Additionally, unlike ERWC or AP Literature, CP Literature focuses less on mastering formal writing skills, but rather encourages students to unleash their creative minds through open-ended storytelling and free-form writing. Of the three senior English classes, it is the only one in which narrative writing is explicitly stated in the curriculum, which may come as a pleasant surprise for those wanting to flex their worldbuilding and creative writing muscles. 

“We’ve been working on this narrative for a while,” said Nick Miyasato, senior and current CP Literature student. “It’s very open ended. But what I’m doing is a short story. My friends are doing poems. [The assignment] gives you the freedom to choose what you want to do.”

However, as a college-prep course, the class atmosphere unfortunately tends to attract groups of students who are not as academically motivated as those in AP Literature or ERWC. While this may not apply to every student, most interviewed students describe the class atmosphere as lazy or lax, with many of their peers succumbing to senioritis. As a result, group assignments and discussions may prove to be difficult, which in turn may be demotivating to those genuinely interested in the content or those who require a more academically-competitive environment to thrive.

“I enjoy reading stuff, but I don’t think my classmates are into it,” said Flora Cao, senior and current CP Literature student. “[The hardest part of the class] depends on your group members…[most of them] don’t do work at all.”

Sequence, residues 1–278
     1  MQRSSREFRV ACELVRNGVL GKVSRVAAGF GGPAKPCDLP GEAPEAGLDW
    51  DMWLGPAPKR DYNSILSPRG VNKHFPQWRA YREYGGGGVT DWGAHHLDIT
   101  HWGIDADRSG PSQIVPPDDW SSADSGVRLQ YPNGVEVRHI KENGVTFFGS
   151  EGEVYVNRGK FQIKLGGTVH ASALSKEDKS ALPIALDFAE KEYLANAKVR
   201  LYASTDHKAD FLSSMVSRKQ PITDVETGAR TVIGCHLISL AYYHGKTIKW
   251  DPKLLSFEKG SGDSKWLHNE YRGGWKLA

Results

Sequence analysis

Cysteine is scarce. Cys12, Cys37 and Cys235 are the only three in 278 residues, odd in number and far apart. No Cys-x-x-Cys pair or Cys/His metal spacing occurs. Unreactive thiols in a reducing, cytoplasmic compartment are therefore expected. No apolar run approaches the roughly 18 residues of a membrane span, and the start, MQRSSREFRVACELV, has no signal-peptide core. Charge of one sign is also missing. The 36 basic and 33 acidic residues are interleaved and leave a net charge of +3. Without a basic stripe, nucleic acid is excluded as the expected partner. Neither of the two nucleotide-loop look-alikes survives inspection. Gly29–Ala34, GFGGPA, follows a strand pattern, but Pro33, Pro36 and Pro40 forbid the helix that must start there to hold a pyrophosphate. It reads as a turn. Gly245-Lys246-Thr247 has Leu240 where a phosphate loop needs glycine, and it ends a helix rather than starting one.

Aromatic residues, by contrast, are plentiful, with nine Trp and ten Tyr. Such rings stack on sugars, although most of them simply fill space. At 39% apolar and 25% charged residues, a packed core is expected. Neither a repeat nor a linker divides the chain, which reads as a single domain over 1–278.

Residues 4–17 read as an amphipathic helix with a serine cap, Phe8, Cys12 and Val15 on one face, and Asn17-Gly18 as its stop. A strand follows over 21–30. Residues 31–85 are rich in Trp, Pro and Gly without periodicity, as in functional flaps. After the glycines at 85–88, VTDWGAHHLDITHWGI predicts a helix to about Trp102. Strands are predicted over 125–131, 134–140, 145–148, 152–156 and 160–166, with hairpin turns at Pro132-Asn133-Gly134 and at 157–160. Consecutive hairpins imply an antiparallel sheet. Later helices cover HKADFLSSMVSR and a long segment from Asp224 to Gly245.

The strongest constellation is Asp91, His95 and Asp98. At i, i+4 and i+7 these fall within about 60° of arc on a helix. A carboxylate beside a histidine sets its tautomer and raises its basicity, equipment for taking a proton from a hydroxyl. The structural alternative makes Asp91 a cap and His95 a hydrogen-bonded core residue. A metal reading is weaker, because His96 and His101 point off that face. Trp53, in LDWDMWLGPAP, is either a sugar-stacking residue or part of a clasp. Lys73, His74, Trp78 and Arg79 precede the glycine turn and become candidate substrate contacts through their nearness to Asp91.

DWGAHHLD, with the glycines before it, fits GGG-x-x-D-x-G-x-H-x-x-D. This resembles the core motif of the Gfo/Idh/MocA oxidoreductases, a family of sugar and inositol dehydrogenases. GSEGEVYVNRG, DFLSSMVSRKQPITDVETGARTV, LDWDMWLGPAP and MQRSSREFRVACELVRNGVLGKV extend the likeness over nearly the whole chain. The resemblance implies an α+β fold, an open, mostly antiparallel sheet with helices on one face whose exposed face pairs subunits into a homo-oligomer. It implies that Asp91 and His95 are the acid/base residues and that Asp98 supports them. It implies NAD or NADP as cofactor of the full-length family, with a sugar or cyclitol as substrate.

“Most of the students don’t care. It’s a CP class, and it’s a senior class. Most of them are in there just to not really do anything,” added Miyasato. “I like English though, so I actually try. But some people in there definitely don’t try.” 

As such, the most common piece of advice college-prep seniors give to their juniors planning for the course is to stay motivated and try to stave off senioritis as much as possible—not only for their own benefit, but their peers’ as well. After all, the workload is light and the assignments are easy and straightforward, so there’s no reason not to do them.

“We usually do work daily, but it’s nothing crazy. It’s just some comprehension questions or writing a summary about the text,” said Jackson. “Honestly, most of the work is stuff that, if you just really focus, you can get it done in class. Don’t wait to do your work. Just do it at a good pace and you’ll be fine.”

Ultimately, for students looking for an easy senior year, CP Literature can help provide that with its lax classroom environment and light course load—provided students are willing to put in the work when necessary. Additionally, for students who enjoy reading and analyzing historical literature but still feel unprepared for AP’s rigor, this course serves as the perfect middle ground for lovers of classical fiction to build up their writing and critical-thinking skills before college. And due to the well-roundedness of the class, students who don’t feel like committing to one writing style all year may find their writers’ minds thriving in CP Literature.

“With the amount of freedom you have, I really enjoy it,” said Miyasato. “It’s a lot chiller than you would expect. If you want to express yourself more or be more personal with your writing, I would take it.”